Unveiling the double origin of cosmic dust in the distant Universe
Two billion years after the Big Bang, the Universe was still very young. However, thousands of huge galaxies, rich in stars and dust, were already formed. An international study, led by SISSA—Scuola Internazionale Superiore di Studi Avanzati, now explains how this was possible. Scientists combined observational and theoretical methods to identify the physical processes behind their evolution and, for the first time, found evidence for a rapid growth of dust due to a high concentration of metals in the distant Universe. The study, published in Astronomy & Astrophysics, offers a new approach to investigate the evolutionary phase of massive objects.
Since their initial discovery 20 years ago, very distant and massive galaxies that form a prodigious amount of young stars—so-called 'dusty' (star-forming) galaxies—represent a serious challenge for astronomers: "On one hand, they are difficult to detect because they reside in dense regions of the distant Universe and contain dusty particles which absorb most of the optical light radiated by young stars," explains Darko Donevski, postdoctoral fellow at SISSA. "On the other hand, many of these dusty 'giants' have been formed when the Universe was very young, sometimes even less than 1 billion years old, and scientists have been wondering how could such large amount of dust have been produced so early in time."
The study of these exotic objects is now possible thanks to the Atacama Large Millimeter/submillimeter Array (ALMA). This interferometer of 66 telescopes in the Atacama Desert of northern Chile is able to detect the infrared light which penetrates the dusty clouds, revealing the presence of newly forming stars. However, the origin of large amount of dust at early cosmic time is still an open question to astronomers. "Throughout many years scientists thought that production of cosmic dust was exclusively due to supernovae explosion. However, recent theoretical works suggest that dust can also grow through collisions of particles of cold, metal-rich gas which fills the galaxies," explains the researcher.
An international team of researchers from institutions based in Europe, US, Canada and South Africa, led by Donevski, combined observational and theoretical methods to study 300 distant, dusty galaxies in order to unveil the origin of these 'giants.' In particular, they inferred the physical properties of these dusty galaxies by fitting their spectral energy distributions. "We found a huge amount of dust mass in most of our galaxies. Our estimates showed that supernovae explosions could not be responsible for all of it and a part had to be produced through particle collisions in the gaseous metal-rich environment around massive stars, as previously supposed by theoretical models" says Donevski. "This is the first time that observational data support the existence of both production mechanisms."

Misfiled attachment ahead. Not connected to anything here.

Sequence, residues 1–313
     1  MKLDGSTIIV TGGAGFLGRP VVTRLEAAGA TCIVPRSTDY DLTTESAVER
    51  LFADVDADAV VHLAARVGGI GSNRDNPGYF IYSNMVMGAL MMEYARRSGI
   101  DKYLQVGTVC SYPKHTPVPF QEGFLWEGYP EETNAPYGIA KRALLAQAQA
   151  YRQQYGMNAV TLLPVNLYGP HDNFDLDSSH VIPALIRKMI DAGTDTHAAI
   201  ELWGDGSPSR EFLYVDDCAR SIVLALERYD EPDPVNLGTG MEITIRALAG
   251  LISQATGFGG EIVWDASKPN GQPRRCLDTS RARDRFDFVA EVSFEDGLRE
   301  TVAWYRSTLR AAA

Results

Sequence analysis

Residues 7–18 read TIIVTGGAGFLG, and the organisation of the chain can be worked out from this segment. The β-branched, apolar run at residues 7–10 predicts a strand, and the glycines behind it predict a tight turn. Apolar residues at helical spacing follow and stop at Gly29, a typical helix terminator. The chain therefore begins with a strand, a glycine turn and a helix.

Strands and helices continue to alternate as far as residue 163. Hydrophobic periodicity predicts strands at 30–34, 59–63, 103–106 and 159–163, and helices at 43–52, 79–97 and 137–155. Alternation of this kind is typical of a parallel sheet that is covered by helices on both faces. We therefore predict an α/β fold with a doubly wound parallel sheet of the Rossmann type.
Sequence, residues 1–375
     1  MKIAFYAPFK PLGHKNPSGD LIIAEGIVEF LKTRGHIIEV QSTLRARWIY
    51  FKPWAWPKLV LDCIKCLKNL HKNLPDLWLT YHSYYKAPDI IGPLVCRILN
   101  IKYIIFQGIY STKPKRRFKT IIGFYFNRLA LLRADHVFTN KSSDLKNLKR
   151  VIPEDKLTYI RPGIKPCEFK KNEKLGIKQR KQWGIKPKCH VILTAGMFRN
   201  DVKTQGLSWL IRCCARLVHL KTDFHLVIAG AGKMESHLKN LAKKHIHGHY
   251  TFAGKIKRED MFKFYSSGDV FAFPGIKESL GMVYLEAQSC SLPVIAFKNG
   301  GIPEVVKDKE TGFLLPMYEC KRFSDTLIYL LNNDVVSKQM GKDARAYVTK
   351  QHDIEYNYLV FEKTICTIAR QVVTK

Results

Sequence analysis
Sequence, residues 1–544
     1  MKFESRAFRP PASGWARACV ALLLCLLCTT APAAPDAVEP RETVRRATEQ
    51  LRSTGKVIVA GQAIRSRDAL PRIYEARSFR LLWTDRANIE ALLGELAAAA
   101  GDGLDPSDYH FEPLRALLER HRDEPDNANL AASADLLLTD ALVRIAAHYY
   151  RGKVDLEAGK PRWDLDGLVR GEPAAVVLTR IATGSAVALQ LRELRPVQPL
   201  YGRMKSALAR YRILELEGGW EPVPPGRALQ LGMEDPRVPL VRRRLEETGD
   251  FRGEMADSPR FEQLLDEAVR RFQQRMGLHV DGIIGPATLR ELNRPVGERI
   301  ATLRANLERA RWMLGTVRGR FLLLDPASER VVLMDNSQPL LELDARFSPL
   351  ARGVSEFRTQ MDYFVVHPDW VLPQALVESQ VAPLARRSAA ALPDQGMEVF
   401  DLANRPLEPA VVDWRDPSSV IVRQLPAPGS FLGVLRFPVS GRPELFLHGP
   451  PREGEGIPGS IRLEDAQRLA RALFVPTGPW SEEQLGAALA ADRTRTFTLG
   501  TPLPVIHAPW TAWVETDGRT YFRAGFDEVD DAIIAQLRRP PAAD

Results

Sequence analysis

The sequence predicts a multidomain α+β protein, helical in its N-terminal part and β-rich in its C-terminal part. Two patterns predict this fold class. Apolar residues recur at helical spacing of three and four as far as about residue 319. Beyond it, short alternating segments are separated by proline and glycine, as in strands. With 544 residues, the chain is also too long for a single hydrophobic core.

Scientists also looked at dust to star mass ratio over time to study how efficiently galaxies create and destroy dust during their evolution. "This allowed us to identify dust life cycle in two different populations of galaxies: normal, so-called 'main-sequence," galaxies, which are slowly evolving, and more extreme, rapidly evolving galaxies, called 'starbursts,'" said Lara Pantoni, Ph.D. student at SISSA, who developed the analytic model used for data interpretation. The model shows the great potential in describing differences in these two groups of observed galaxies. "Interestingly, we also showed that irrespective of their distance, stellar mass or size, compact 'starburst' galaxies always have dust-to-stellar mass ratio higher than the normal galaxies."
To fully evaluate the observational findings, the team of astronomers also confronted their data with the state-of-the-art galaxy simulations. They used SIMBA, a new suite that simulates the formation and evolution of millions of galaxies since the beginning of the Universe to present time, tracking all their physical properties, including dust mass. "Up to now, theoretical models had problems in matching both galaxy dust and stellar properties simultaneously. However, our new cosmological simulation suite, SIMBA, could reproduce most of the observed data," explains Desika Narayanan, professor of astronomy at the University of Florida and member of the DAWN institute in Copenhagen.
"Our study shows that dust production in 'giants' is dominated by very rapid growth of particles through their collisions with gas. Thus, it provides the first strong proof that dust formation occurs both during stars death and in the space between these massive stars, as assumed from theoretical studies," concludes Donevski. "Moreover, it offers a new mixed approach to investigate the evolution of massive objects in the distant Universe that will be tested with future space telescopes such as the James Webb Space Telescope."